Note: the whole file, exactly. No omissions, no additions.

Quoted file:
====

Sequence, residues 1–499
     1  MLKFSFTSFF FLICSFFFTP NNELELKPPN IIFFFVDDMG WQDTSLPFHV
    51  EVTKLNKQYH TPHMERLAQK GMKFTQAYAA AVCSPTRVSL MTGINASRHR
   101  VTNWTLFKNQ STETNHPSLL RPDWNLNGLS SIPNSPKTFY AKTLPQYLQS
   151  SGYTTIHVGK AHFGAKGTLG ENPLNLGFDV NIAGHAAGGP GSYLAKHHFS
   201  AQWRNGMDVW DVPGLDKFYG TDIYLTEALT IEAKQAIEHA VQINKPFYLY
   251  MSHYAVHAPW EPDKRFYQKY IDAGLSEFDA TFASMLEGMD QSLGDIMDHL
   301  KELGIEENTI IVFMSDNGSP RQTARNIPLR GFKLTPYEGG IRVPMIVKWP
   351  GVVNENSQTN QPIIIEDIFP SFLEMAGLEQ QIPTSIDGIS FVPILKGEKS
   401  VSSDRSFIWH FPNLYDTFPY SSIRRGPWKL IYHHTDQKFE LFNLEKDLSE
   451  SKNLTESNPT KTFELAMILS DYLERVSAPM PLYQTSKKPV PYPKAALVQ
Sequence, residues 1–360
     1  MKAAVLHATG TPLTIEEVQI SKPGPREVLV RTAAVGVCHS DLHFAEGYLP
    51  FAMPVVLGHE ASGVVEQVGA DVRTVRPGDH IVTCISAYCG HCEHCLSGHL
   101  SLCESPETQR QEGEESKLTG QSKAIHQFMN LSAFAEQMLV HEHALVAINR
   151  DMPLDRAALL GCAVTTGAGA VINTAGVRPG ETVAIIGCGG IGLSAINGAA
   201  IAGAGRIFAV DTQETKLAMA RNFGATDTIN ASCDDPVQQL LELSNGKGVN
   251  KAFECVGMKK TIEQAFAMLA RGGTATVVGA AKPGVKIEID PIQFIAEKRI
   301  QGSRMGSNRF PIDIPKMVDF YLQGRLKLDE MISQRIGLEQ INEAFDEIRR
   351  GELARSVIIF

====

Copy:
Sequence, residues 1–499
     1  MLKFSFTSFF FLICSFFFTP NNELELKPPN IIFFFVDDMG WQDTSLPFHV
    51  EVTKLNKQYH TPHMERLAQK GMKFTQAYAA AVCSPTRVSL MTGINASRHR
   101  VTNWTLFKNQ STETNHPSLL RPDWNLNGLS SIPNSPKTFY AKTLPQYLQS
   151  SGYTTIHVGK AHFGAKGTLG ENPLNLGFDV NIAGHAAGGP GSYLAKHHFS
   201  AQWRNGMDVW DVPGLDKFYG TDIYLTEALT IEAKQAIEHA VQINKPFYLY
   251  MSHYAVHAPW EPDKRFYQKY IDAGLSEFDA TFASMLEGMD QSLGDIMDHL
   301  KELGIEENTI IVFMSDNGSP RQTARNIPLR GFKLTPYEGG IRVPMIVKWP
   351  GVVNENSQTN QPIIIEDIFP SFLEMAGLEQ QIPTSIDGIS FVPILKGEKS
   401  VSSDRSFIWH FPNLYDTFPY SSIRRGPWKL IYHHTDQKFE LFNLEKDLSE
   451  SKNLTESNPT KTFELAMILS DYLERVSAPM PLYQTSKKPV PYPKAALVQ
Sequence, residues 1–360
     1  MKAAVLHATG TPLTIEEVQI SKPGPREVLV RTAAVGVCHS DLHFAEGYLP
    51  FAMPVVLGHE ASGVVEQVGA DVRTVRPGDH IVTCISAYCG HCEHCLSGHL
   101  SLCESPETQR QEGEESKLTG QSKAIHQFMN LSAFAEQMLV HEHALVAINR
   151  DMPLDRAALL GCAVTTGAGA VINTAGVRPG ETVAIIGCGG IGLSAINGAA
   201  IAGAGRIFAV DTQETKLAMA RNFGATDTIN ASCDDPVQQL LELSNGKGVN
   251  KAFECVGMKK TIEQAFAMLA RGGTATVVGA AKPGVKIEID PIQFIAEKRI
   301  QGSRMGSNRF PIDIPKMVDF YLQGRLKLDE MISQRIGLEQ INEAFDEIRR
   351  GELARSVIIF